Goddess Protecting the Ferry Boat in the Front Section
When it got to Bali, Taiwan, a shuttle bus took us to the customs/immigration office area.  
With my pre-trip research, I was planning to take the bus to Taipei City Center or take the subway from GuanDu/HongShuLin. Either way, I realized that I had to take a short taxi ride to Bali town or to the subway station.  I was quite tired and with a large luggage, I ended up taking the cab all the way to the city.  It was about 30 minutes and cost me 760NTD (23USD).
Arriving at Bali Port at the mouth of Tamsui River




This travel route still needs a lot of ironing out, and it is not yet ready for individual travelers, especially non-Chinese speakers.  I saw that about six tour groups from both sides of the Straits on this ferry. I think this is an interesting experience from both side of the Straits and might be less expensive as well.  The tour operators could arrange the lodging and transportation to bridge the gaps that are not convenient for individual travelers.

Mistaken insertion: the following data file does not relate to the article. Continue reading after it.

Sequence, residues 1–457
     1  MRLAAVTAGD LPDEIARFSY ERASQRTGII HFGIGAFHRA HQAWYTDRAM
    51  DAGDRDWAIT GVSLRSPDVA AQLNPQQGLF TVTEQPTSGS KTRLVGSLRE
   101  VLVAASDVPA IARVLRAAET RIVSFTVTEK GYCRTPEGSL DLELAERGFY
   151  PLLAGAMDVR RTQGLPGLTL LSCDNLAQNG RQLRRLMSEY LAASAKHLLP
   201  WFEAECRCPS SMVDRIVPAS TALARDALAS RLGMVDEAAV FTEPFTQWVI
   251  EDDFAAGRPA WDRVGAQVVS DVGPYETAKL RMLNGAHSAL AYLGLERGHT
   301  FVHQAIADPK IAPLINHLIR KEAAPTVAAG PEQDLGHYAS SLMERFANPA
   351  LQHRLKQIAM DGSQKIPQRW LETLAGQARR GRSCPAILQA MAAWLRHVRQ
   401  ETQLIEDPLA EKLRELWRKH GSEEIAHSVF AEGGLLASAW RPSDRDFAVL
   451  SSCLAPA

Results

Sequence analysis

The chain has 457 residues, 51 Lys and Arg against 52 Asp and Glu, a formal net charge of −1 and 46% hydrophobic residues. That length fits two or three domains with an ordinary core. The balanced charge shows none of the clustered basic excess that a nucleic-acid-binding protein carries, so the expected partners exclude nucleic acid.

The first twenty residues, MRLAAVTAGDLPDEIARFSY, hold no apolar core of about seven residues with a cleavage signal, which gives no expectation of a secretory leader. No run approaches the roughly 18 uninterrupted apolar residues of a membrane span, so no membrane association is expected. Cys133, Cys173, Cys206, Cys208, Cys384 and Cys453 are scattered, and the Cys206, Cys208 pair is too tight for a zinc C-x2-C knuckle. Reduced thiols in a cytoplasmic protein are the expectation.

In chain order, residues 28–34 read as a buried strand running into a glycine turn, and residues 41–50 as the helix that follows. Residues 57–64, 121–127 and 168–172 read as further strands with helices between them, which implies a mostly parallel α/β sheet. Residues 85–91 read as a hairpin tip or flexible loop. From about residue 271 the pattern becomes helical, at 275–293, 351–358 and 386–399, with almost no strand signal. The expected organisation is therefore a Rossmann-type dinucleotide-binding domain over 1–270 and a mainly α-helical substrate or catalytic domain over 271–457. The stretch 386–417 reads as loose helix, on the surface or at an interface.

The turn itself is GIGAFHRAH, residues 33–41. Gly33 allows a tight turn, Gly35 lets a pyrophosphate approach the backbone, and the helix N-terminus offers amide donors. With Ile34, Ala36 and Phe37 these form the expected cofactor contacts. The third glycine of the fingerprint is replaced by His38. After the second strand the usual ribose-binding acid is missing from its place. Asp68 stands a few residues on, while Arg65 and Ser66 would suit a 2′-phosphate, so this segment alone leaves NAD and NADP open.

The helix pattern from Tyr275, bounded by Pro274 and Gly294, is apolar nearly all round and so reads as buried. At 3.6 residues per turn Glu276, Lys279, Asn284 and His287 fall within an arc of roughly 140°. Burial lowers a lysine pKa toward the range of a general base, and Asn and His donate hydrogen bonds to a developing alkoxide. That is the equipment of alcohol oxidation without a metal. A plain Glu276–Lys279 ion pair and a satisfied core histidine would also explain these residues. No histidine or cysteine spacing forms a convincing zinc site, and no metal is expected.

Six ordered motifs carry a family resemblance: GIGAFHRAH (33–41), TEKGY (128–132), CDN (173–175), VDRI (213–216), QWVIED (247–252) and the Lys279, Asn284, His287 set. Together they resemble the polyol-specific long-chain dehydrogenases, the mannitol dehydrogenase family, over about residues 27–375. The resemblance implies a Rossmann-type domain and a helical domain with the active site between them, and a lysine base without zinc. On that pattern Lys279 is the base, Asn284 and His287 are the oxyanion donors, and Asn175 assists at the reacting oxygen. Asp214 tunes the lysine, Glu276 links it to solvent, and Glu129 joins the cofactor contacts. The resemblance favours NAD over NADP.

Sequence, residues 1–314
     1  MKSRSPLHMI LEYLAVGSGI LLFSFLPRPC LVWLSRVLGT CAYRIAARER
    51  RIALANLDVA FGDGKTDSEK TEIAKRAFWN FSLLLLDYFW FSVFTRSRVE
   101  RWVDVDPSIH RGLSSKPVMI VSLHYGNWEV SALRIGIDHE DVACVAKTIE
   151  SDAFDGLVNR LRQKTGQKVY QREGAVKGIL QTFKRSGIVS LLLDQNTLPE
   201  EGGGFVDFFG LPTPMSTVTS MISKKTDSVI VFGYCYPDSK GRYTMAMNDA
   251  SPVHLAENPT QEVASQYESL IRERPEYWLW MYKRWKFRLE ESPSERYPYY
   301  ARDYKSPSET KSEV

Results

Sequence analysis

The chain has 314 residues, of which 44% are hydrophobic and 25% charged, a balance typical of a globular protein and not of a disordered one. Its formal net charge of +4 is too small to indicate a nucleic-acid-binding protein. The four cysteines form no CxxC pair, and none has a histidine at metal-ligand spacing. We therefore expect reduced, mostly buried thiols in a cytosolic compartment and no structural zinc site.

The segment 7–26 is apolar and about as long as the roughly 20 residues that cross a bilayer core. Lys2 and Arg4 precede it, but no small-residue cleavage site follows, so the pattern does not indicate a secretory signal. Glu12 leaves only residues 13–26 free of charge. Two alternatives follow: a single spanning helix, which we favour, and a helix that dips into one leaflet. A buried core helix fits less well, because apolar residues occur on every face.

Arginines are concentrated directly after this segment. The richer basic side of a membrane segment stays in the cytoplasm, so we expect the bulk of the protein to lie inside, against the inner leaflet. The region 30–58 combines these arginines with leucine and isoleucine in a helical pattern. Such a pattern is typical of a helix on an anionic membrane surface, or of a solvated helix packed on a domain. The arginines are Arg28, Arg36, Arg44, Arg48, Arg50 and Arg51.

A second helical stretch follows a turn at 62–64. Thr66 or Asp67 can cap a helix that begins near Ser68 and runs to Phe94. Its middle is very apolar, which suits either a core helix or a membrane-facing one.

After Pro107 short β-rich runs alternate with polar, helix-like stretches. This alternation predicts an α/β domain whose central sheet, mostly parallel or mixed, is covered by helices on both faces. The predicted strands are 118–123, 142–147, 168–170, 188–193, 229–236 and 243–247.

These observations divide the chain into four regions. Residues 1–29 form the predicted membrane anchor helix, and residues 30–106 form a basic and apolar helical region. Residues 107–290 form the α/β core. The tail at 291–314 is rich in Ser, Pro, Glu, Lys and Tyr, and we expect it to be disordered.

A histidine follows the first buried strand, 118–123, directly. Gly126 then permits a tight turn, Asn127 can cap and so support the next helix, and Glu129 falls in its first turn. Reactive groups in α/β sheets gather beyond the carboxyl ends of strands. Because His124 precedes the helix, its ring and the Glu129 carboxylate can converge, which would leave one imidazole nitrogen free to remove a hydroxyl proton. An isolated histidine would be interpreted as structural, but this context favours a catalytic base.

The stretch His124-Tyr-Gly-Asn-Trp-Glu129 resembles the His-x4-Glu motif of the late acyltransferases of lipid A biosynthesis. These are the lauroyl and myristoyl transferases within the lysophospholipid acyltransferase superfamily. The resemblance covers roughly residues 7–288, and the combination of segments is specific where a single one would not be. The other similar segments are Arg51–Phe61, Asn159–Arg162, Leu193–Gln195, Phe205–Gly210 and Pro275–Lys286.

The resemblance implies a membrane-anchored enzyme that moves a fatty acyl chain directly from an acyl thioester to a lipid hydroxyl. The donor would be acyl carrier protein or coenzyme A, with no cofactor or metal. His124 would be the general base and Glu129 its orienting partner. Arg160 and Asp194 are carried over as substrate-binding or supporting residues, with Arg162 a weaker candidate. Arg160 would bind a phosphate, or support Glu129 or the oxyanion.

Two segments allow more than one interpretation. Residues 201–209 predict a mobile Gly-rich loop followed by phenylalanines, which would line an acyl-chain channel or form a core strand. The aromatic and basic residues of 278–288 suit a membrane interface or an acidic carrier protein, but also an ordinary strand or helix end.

Waiting for Shuttle at Bali Port, Taipei


















[1]  http://www.csf.com.tw/ocean/price.php  in traditional Chinese
     台北市龍江路962  02-25169779, Boat ticket from Pingtan -  电话:0591-23192222 传真:0591-24199222 ATTN. MS CHANG J
[2]   http://www.amoytrip.com/book-pingtan-taiwan-ferry.html in English